Based on their characteristic grazing-type digestive system (Hofmann 1989), grasses contributed the bulk of the diet (mean = 75.6%, s.d. = 12.7%) in our study. The remaining browse comprised woody (mean = 23.6%, s.d. = 12.2%) and succulent (mean = 0.8%, s.d. = 2.2%) shrubs and climbers (mean = 0.1%, s.d. = 0.4%), with few browse species contributing sufficiently to the diet to be considered dominant (i.e. > 3%). Instead, principal diet items were characterised by grasses across study populations (Table 1). Our results are within the range of mean grass consumption by buffalo in the region (71.9% - Landman & Kerley 2001; ± 75% - Tshabalala et al. 2009; 93.1% - Watermeyer et al. 2015) and support all previous work on their food resources (e.g. Cerling et al. 2003; Codron et al. 2007; Jarman 1971; Lamprey 1963; Perrin & Brereton-Stiles 1999; Prins 1996; Sinclair 1977), including that from other grass-limited habitats (Venter & Watson 2008) considered marginal to buffalo (i.e. Nama-Karoo, Boshoff, Landman & Kerley 2016).

Seasonal variations in diet are well described, particularly as buffalo increase their utilisation of browse towards the dry season when grass availability and quality decline (e.g. Prins 1996; Sinclair 1977; Tshabalala et al. 2009; Watermeyer et al. 2015). Although we found no seasonal differences in the contribution of browse to the diet in our study (range across seasons: 19.7% - 30.0%; F3,56 = 2.25, P = 0.09), we detected a gradual increase in diet breadth (from 19 spp. to 35 spp.) towards the dry season that coincided with an increase in the utilisation of browse species (from 26% [spring] to 54% [summer] of plant species recorded; F3,56 = 4.22, P = 0.009). These findings follow the predictions of optimality theory which predicts that a loss of preferred foods (such as grasses for buffalo - Prins 1996; Sinclair 1977) would cause an increase in the utilisation of less nutritious, non-preferred foods (Owen-Smith & Novellie 1982). Thus, despite the fact that we had no information on food availability and could not test food preferences per se, we presume that the broader diet and increased utilisation of browse species during the dry season reflects changing diet with changing grass availability and quality.

From our results, it is clear that buffalo diet is dominated by grasses, even in grass-limited succulent thicket (Landman & Kerley 2001; Tshabalala et al. 2009; Watermeyer et al. 2015). Although the diet might include browse in varying quantity between seasons, depending on the availability and quality of grass, browse species are seldom dominant foods and many are probably incidentally utilised as parts of larger mouthfuls. Thus, with the exception of the findings of De Graaff et al. (1973), there is no empirical evidence to support the notion that buffalo switch their diet to browse when grass availability is low (Cerling et al. 2003; Codron et al. 2007; Jarman 1971; Lamprey 1963; Perrin & Brereton-Stiles 1999; Prins 1996; Sinclair 1977; Venter & Watson 2008). Instead, De Graaff's work generated confusion in our understanding of buffalo foraging in thicket through poor experimental design. Even though such weaknesses can undermine science and management (e.g. Hayward et al. 2015; Stephens et al. 2015), this might still improve our understanding if it encourages additional robust interrogation. For buffalo in thicket, additional testing confirmed what was already known about their diet, which probably limited our ability to develop broader insights because our approaches were motivated by a single hypothesis. Thus, in an attempt to advance our understanding of buffalo foraging in thicket, we reiterate the conclusions of Landman and Kerley (2001) that De Graaff's work is not a valid measure of buffalo diet in succulent thicket and that additional testing of the browser-grazer hypothesis is not needed.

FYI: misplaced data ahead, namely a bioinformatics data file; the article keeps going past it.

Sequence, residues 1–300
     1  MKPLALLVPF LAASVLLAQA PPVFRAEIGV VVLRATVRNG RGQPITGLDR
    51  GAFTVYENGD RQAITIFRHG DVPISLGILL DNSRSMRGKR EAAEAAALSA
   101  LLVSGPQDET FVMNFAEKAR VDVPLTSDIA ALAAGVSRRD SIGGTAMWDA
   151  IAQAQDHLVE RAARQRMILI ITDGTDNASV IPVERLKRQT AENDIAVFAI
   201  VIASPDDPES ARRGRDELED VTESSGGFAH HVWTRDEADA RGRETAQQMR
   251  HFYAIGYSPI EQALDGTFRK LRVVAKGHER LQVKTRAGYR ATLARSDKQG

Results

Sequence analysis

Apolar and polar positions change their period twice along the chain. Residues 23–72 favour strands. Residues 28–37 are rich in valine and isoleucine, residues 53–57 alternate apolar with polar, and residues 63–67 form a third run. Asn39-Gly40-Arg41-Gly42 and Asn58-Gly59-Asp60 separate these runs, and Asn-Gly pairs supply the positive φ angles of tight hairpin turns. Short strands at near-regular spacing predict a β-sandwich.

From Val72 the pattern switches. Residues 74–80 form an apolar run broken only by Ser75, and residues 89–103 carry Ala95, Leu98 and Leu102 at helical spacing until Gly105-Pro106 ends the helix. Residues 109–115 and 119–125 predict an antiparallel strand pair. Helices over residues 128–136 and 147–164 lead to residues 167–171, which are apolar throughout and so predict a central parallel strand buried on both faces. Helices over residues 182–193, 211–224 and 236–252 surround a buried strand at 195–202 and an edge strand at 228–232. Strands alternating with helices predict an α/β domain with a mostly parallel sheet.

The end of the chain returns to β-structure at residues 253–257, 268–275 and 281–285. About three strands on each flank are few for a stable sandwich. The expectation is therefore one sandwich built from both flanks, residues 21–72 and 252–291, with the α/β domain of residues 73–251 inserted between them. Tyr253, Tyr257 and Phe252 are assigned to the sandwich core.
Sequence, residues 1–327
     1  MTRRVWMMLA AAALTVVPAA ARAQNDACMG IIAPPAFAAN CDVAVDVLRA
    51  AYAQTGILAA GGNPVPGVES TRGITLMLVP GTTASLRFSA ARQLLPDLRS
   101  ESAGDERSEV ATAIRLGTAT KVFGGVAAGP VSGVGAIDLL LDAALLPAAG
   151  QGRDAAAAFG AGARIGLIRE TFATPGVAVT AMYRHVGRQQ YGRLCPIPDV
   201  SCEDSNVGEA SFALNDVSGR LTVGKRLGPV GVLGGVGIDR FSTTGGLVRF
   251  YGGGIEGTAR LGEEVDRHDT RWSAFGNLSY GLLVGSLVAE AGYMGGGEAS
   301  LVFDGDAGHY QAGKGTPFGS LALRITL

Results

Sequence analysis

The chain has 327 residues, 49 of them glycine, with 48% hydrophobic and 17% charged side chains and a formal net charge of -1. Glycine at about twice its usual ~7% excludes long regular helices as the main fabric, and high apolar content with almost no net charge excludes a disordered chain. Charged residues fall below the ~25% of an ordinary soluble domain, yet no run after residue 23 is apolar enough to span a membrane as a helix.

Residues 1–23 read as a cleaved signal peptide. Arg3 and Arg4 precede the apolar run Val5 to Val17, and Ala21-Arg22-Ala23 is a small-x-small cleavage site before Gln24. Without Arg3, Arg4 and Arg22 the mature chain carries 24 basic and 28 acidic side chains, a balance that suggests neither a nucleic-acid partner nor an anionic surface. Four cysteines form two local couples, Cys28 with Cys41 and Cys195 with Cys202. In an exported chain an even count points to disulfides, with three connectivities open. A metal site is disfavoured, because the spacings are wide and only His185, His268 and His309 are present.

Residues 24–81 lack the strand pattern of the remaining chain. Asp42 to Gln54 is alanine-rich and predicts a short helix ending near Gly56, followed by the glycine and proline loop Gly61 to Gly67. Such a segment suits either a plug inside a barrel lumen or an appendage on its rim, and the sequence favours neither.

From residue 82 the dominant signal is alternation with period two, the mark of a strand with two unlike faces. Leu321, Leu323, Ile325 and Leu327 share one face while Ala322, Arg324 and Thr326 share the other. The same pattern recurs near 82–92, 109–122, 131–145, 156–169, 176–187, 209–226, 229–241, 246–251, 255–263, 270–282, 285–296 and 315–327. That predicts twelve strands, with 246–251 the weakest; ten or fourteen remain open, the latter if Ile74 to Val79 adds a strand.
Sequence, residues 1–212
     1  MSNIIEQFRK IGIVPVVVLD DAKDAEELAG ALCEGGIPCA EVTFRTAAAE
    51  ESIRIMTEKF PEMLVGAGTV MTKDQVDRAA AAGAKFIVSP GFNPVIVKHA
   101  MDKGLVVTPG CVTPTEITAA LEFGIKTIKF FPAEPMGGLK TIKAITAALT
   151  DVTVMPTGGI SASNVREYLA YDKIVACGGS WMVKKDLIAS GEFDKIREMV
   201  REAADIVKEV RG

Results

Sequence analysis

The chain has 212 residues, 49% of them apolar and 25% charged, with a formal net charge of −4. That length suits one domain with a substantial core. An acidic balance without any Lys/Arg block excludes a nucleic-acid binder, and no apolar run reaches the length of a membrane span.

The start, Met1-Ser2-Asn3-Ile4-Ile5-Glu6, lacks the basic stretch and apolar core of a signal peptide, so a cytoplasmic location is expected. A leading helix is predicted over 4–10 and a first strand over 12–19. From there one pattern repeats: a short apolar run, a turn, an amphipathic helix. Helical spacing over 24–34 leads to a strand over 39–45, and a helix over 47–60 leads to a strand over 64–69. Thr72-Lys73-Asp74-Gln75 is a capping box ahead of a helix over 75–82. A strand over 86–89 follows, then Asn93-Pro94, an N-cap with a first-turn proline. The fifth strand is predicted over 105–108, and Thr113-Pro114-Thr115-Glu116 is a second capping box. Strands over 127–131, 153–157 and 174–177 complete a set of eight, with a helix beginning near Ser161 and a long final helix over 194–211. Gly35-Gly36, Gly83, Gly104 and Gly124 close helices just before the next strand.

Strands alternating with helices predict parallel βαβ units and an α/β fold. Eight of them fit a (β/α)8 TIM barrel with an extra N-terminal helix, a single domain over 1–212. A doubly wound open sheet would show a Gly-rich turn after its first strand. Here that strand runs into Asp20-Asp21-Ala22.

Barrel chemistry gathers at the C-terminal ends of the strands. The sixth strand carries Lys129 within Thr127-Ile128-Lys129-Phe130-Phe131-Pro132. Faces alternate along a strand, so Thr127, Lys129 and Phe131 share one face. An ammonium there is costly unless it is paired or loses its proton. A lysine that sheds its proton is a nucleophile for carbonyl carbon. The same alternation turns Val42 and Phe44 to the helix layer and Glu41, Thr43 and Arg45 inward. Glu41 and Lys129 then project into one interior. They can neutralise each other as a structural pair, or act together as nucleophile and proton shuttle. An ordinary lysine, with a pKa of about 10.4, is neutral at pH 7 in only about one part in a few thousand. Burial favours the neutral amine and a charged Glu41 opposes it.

Conclusion

Our study questioned the importance of grass in buffalo diet in grass-limited Eastern Cape thicket. We show that the diet is dominated by grasses, even in grass-limited thicket, and that browse species are seldom dominant foods. Thus, there is no empirical evidence to corroborate the notion that buffalo switch their diet to browse when grass availability is low. With this we argue that additional testing of the browser-grazer hypothesis for buffalo in the region is not needed.

 

Acknowledgements

The authors thank South African National Parks for providing permission to conduct this study.

Competing interests

The authors declare that they have no financial or personal relationships that may have inappropriately influenced them in writing this article.

Authors' contributions

M.L., K.K. and G.I.H.K. designed the study, analysed the data and wrote the article.

 

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Correspondence:
Marietjie Landman
marietjie.landman@mandela.ac.za

Received: 27 Feb. 2017
Accepted: 20 Nov. 2017
Published: 22 Feb. 2018